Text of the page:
Mountain Vista boys tennis players with face masks on hiked up to the tennis facility, then checked in and had their temperatures taken before heading onto the courts.
It’s all part of the guidelines created because of the COVID-19 pandemic for practices for those sports in the CHSAA’s Sports A category (cross country, boys tennis, softball and boys golf) that are currently competing.
“It’s one of those things where you are grateful for the fact that you get to play, that you are in a social distancing sport,” said Vista boys tennis coach and Athletic Director Jim Flanigan. “So you just say, what do we have to do so we can get to play?
“We’ve had to take the numbers down so we can’t have as many kids on the court as we did before,” he continued. “I’ve always had a no cut policy. This year, we’ve had to cut some kids. We usually have about 70 kids come out for tennis at Vista and we had to cut it down to 52.”
Football was one of the sports moved to spring as part of the CHSAA’s plan for the 2020-21 year that included four, seven-week seasons and reduced schedules.
In August the CHSAA stated that as part of a return-to-play plan traditional fall sports would switch to the spring as part of four seasons (A, B, C and D).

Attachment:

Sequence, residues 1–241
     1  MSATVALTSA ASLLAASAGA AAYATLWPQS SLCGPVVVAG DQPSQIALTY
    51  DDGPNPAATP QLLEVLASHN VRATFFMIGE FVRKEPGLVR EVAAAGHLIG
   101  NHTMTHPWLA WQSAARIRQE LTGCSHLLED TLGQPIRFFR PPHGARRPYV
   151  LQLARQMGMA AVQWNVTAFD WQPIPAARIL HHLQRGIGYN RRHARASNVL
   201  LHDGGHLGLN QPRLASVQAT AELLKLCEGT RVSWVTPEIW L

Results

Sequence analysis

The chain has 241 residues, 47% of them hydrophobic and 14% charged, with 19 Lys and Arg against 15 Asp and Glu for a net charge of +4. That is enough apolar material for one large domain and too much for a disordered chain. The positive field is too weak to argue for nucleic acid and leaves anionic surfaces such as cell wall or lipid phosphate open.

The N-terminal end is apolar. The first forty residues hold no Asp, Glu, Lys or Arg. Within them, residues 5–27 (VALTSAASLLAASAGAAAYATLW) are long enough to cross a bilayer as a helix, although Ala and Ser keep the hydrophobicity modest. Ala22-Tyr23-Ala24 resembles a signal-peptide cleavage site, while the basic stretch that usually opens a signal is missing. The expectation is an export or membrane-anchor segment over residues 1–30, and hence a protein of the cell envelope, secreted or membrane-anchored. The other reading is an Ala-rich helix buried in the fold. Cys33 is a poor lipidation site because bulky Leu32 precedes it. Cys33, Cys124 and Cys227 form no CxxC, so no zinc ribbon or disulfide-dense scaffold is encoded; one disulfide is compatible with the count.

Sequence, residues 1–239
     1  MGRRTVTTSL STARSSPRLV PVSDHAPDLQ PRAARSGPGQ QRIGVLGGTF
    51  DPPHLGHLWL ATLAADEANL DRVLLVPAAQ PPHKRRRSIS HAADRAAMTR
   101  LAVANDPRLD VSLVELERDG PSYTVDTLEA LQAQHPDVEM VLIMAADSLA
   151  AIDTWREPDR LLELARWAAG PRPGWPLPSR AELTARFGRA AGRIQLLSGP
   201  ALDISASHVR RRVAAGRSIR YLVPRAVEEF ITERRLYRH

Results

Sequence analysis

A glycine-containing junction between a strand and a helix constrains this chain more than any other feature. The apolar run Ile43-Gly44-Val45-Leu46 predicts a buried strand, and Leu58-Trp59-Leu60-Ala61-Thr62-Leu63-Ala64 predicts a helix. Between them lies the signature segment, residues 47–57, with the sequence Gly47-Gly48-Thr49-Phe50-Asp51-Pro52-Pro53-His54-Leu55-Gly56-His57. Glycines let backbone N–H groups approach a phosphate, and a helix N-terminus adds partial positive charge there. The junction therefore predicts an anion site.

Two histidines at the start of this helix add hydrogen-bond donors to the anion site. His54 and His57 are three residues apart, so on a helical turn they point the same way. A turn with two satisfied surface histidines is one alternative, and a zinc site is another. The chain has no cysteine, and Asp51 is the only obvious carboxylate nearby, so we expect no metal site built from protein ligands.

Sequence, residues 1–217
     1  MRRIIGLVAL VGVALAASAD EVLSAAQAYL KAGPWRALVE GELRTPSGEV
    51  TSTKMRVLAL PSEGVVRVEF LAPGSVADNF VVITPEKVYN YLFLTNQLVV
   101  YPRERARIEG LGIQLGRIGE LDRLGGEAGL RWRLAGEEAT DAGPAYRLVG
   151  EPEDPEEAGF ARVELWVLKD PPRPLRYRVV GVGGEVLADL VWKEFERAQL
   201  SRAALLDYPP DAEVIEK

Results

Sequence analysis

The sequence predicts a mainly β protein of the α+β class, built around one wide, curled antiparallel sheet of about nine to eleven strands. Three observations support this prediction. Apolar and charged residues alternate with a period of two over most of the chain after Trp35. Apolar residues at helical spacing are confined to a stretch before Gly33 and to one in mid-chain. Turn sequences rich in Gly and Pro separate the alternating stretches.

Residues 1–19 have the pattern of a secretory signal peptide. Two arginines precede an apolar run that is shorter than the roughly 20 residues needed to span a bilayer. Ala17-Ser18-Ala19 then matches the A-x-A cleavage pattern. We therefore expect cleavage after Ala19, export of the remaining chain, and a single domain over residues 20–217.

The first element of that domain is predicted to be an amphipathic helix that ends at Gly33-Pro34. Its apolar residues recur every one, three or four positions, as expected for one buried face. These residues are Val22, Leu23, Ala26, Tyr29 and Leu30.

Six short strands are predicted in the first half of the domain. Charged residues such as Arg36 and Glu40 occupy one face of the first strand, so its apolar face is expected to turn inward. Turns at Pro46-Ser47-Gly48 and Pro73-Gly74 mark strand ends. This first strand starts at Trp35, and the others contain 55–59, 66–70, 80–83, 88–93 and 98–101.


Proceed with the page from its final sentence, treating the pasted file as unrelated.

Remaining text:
For now softball players, boys golfers, boys tennis players and cross country runners are practicing and playing.
“As far as practices, no changes” said Douglas County softball coach Dane Craig. “Players have to show up with a mask on and if they take a break they have to put a mask on. We have to take their temperatures every single day before a practice or game. We have to have balls sanitized before we use them. We were supposed to extend our dugouts but actually ours are big enough.
“We have to put in more work preparing everything. We are dealing with one thing after another, most of them kind of driven from COVID. We had to mark off our bleacher for where people can and cannot sit. The biggest obstacle is those whether they are spectators or whatever. If people see us out there without a mask on or kids without a mask, without knowing the rules and guidelines, they call our athletic director and say softball is not following the rules. They don’t know what we’ve been told and what we haven’t.”
Arapahoe boys golf coach Harry Buckner has seen no changes in practice sessions,
“Our practices have been about the same as always,” he explained. “They work on their games individually and are separated when are working on chipping and putting. Golf is the safest game to play during these times. Just hope we can get through the season.”
Douglas County School District athletic director Derek Chaney feels coaches are doing a good job.
“Practices aren’t the same,” admitted Chaney. “They are a little different for sure, as far as screening people when they first go to practice, taking temperature checks and social distancing when we can. We’re trying to do as much as we can. Some things remain the same but some things have to change.
“Coaches want to coach and it takes away a little bit from that when they have to all this other stuff. They are still doing the best they can with it and they have responsibilities to go with it.”
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